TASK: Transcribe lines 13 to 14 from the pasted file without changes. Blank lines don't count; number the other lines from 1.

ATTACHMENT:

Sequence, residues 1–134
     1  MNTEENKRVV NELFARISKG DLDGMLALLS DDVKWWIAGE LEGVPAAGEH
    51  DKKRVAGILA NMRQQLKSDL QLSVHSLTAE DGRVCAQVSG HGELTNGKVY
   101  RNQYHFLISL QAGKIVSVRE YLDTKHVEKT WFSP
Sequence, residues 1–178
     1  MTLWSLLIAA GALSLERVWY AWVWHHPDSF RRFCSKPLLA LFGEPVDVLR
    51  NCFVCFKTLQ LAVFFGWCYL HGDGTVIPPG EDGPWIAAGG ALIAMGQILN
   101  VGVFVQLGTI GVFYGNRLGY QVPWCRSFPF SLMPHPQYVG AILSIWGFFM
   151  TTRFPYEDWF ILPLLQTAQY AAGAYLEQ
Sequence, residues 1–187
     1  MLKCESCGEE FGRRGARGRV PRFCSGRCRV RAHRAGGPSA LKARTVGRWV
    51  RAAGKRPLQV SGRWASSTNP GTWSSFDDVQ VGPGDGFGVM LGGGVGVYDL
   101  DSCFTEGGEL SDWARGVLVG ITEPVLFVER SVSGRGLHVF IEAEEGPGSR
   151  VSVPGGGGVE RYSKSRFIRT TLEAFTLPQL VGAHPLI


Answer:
   101  DSCFTEGGEL SDWARGVLVG ITEPVLFVER SVSGRGLHVF IEAEEGPGSR
   151  VSVPGGGGVE RYSKSRFIRT TLEAFTLPQL VGAHPLI